Sunday 21st July 2024,
The Hoop Doctors

Knicks Interested in Trading for Reggie Jackson

Reggie Jackson is the player the Knicks almost had, even though they never really had him.

Twitter was aflutter when the three-team deal between the Knicks, Cavaliers and Thunder began unfolding. Jackson was identified as the player the Knicks were taking back. But Twitter was wrong. The move was a salary dump; the Knicks gave up Iman Shumpert and J.R. Smith for basically nothing.

Fast forward to Tuesday, and Jackson’s link to New York isn’t quite dead.

From CBS Sports’ Ken Berger:

The Knicks are expected to try to re-engage the Thunder in talks for point guard Reggie Jackson after being rebuffed in their efforts to land him in Monday night’s three-team deal, sources say. Jackson would fit into the $2.6 million trade exception New York received in the trade with Cleveland and Oklahoma City, but the Thunder have been steadfast in rebuffing trade offers for the point guard.

Before we go on, the link doesn’t end there either.

In the event the Knicks cannot trade for Jackson, they’re apparently ready to pursue him in restricted free agency, according to ESPN New York’s Ian Begley:

The feeling among some around the league is that the Knicks will instead target second- and third-tier free agents this summer and maintain some cap flexibility for the summer of 2016, when a free-agent class headlined by Kevin Durant becomes available.

One name to keep an eye on this summer is Reggie Jackson. NBA people expect the Knicks to have interest in Jackson, who can test free agency this summer. Jackson likely will be a restricted free agent. But with Oklahoma City having obtained Dion Waiters, the club may not break the bank to retain Jackson.

Certainly something to keep an eye on.

This makes perfect sense, because it doesn’t make any sense at all, which is so Knicks.

If the Knicks can acquire Jackson for pennies on the dollar ahead of the February trade deadline, they should do it. He makes them instantly better, but not good enough to bilk the team of pingpong-ball swag. It also gives him the opportunity to prove he can exist within the triangle offense before commanding a lucrative contract in restricted free agency. Because that’s the thing: Jackson, as of now, isn’t a good fit for the triangle offense.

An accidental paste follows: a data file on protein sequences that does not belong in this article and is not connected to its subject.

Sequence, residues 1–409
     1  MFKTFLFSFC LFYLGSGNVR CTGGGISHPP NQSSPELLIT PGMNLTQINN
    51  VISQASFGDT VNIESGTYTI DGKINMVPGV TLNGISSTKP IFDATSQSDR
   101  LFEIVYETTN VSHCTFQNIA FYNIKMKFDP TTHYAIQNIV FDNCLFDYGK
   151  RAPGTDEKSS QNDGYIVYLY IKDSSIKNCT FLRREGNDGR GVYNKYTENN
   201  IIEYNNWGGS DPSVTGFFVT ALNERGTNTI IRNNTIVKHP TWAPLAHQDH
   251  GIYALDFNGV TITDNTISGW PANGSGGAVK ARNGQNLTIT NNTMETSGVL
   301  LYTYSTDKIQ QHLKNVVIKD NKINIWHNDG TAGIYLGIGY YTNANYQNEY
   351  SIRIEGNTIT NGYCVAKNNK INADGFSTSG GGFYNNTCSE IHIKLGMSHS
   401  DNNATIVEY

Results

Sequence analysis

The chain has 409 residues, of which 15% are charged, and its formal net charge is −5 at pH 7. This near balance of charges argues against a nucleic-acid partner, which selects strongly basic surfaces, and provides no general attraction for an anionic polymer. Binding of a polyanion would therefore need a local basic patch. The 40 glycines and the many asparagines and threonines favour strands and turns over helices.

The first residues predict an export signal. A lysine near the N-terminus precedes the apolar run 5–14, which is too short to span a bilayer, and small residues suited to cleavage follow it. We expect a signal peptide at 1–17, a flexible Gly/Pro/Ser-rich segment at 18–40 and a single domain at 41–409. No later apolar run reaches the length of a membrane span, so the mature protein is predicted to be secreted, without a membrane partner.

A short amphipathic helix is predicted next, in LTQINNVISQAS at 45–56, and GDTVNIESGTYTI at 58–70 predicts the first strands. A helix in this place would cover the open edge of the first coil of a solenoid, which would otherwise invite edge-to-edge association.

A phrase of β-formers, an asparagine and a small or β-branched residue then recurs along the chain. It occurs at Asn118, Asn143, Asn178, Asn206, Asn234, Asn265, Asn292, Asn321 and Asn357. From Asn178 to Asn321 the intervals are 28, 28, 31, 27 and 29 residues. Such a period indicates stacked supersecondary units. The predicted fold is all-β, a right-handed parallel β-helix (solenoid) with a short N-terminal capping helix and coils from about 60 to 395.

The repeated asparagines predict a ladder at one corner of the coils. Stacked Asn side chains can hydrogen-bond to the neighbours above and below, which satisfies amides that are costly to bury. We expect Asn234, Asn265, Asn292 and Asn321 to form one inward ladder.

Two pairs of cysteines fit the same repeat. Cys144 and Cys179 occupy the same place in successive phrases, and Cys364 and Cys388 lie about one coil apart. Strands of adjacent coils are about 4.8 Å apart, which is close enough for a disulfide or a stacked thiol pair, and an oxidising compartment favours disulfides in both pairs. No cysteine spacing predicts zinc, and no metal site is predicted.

Yours truly won’t pretend to understand the triangle in its entirety, but I—like most of you—know it’s predicated on ball movement and wing-spacing. Point guards need to be more like Jose Calderon or Goran Dragic—playmakers who aren’t wholly ball-dominant and can score off the catch. Jackson doesn’t meet that criteria.

More than 82 percent of his made baskets have gone unassisted, per He’s also shooting just 34.2 percent outside of eight feet and only 21.9 percent on catch-and-shoot opportunities overall, including 19.4 percent from downtown. That’s not the kind of triangle-opposite skill set the Knicks can invest in. Not without testing it out first. At only 24, it’s possible Jackson changes, but the Knicks would be forging a relationship mostly blind—even if they traded for him, since 40 or so games can hardly be considered a telling sample size.

Given the system the Knicks are trying to run, expect this rumor to die out completely. Jackson and the Knicks don’t go together, and that’s not going to change.

Dan Favale is a firm believer in the three-pointer as well as the notion that defense doesn’t always win championships. His musings can be found at in addition to

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